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United Nations Daily Highlights, 07-05-03
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HIGHLIGHTS OF THE NOON BRIEFING
DEPUTY SPOKESPERSON FOR SECRETARY-GENERAL BAN KI-MOON
HEADQUARTERS, NEW YORK
Thursday, May 3, 2007
BAN KI-MOON LAUNCHES IRAQ COMPACT,
CALLING IT A ROAD MAP FOR THE NEXT FIVE YEARS
Secretary-General Ban Ki-moon today co-chaired the launch of the International Compact with Iraq in Sharm el-Sheik, Egypt, and he told the delegates gathered for the launch that the Compact represents a road map for the next five years, aimed at helping Iraq achieve economic prosperity, political stability and lasting security.
Much work will be needed to keep Iraq on track, but I am confident that the people and Government are up to the challenge, the Secretary-General said. He emphasized that, under the Compact, the Government has committed itself to pursuing a number of important initiatives to promote dialogue and reconciliation and to adhere to a legislative timetable designed to strengthen Iraq unity.
Iraq is at a critical juncture, he said. Political solutions are essential to building the foundations for a peaceful and prosperous country.
The Compact meeting adopted by acclamation a resolution reaffirming the shared commitment of the 74 delegations to strengthen their partnership for a secure and stable Iraq. The Government of Iraq and the international community stressed the need for the Iraqi Government to pursue fundamental reforms in governance, strengthened anti-corruption measures, equal protection for all Iraqis and an institutional framework based on the rule of law.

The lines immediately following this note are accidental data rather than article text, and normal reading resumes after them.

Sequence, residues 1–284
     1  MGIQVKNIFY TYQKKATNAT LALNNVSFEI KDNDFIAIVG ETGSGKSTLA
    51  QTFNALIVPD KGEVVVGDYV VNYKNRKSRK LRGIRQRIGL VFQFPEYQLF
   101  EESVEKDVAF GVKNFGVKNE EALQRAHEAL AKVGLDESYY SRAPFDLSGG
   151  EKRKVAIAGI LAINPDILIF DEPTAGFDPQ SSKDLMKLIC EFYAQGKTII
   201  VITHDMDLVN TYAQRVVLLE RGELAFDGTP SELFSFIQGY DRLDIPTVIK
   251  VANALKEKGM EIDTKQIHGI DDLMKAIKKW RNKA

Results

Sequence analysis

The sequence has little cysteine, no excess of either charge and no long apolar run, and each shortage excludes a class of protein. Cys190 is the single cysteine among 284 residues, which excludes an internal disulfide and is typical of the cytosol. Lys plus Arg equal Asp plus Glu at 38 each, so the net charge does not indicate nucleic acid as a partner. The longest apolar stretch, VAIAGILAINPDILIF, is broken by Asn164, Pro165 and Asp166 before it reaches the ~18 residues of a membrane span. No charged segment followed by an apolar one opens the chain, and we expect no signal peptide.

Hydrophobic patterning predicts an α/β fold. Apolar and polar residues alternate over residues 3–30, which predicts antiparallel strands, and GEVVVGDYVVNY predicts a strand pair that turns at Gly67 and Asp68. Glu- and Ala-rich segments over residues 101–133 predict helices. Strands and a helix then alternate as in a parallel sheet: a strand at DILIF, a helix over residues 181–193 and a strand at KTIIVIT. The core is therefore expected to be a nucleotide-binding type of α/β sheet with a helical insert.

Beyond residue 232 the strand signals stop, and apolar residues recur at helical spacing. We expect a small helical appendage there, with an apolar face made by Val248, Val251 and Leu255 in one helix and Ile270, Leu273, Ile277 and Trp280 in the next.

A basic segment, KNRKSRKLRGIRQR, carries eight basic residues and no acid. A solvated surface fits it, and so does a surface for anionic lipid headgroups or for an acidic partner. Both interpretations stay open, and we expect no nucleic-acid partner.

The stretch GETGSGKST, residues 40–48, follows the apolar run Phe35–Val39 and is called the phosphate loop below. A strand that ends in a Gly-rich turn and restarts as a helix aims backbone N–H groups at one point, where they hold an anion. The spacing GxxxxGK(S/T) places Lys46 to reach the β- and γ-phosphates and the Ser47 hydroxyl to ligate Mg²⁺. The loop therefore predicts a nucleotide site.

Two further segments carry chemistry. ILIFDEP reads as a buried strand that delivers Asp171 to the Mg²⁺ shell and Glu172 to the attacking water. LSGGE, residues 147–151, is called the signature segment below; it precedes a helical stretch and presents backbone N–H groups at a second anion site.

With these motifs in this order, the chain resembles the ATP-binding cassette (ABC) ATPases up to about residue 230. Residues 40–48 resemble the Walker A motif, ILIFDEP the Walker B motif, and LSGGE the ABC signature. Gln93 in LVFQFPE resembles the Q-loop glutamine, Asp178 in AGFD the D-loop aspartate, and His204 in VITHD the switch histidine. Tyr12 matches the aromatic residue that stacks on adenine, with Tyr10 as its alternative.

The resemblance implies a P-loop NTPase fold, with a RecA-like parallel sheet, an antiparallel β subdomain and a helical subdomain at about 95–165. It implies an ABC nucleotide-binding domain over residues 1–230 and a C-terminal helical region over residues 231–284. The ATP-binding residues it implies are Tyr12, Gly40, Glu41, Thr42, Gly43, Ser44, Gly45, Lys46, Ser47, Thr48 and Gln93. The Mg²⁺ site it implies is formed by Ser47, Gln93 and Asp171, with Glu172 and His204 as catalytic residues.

The resolution adopted at Sharm el-Sheik also pledges substantive international engagement and investments to bridge the gap between Iraqs needs and its capabilities in the medium term, with a special emphasis on the granting of debt relief to Iraq.
Earlier today, the Secretary-General held a number of bilateral meetings, one of which was with Manouchehr Motaki, the Foreign Minister of Iran. The Secretary-General discussed the nuclear issue with Motaki and urged Iran to continue its discussions with the European Union. They also talked about
Iraq, with the Secretary-General calling for Iran to play a constructive role in building a national consensus in Iraq.
The Secretary-General also met with Chinese Foreign Minister Yang Jiechi and with UK Foreign Secretary Margaret Beckett.
The Secretary-General, in a press conference, said he was pleased that a number of countries have made concrete commitments under the Compact today. He said that specific financial commitments made by particular countries are estimated to be over $30 billion, including some commitments of debt relief on the Paris Club terms.
Asked whether the Secretary-General would announce an increase in the UN presence in Iraq, the Spokeswoman said that security continues to be a concern, but that, if the conditions are right, the Secretary-General would like the United Nations to do more in Iraq.
U.N. MISSION IN D.R. CONGO NOTES PROGRESS IN DISARMAMENT
The UN Mission in the Democratic Republic of the Congo (MONUC) reports progress in the disarmament process with the announcement by Peter Karim, a leader of one of eastern DRCs largest militias, that an additional 500 of his fighters will surrender their weapons and reintegrate into civilian life this week.
The Mission also reports that a joint UN-Congolese Army unit was able to verify the effective disarmament of some 320 individuals at the Mbandaka naval base. And a team from the Military Integration Structure recently left the Equateur province after registering some 50 soldiers and 130 former presidential security officers for reintegration.
U.N. HANDS OVER DIAMOND CERTIFICATION OFFICE
TO LIBERIAN GOVERNMENT
The UN Mission in Liberia (UNMIL) says that following the Security Councils recent lifting of the sanctions on the export of Liberian rough diamonds, Alan Doss, the Special Representative of Secretary-General, has presided over the official handover by the UN of a regional diamond certification office to the Liberian government at a ceremony in Tubmanburg, a town near the capital Monrovia.
Doss also took part in the dedication of the Liberian Government Diamond Office, and later attended a series of workshops intended to strengthen the skills of Liberian immigration workers.
U.N. ENVOY CALLS FOR HOME-GROWN SOLUTION TO CYPRUS ISSUE
The Secretary-Generals Special Representative for Cyprus, Michael Moller, today addressed a gathering of international civil society in Nicosia.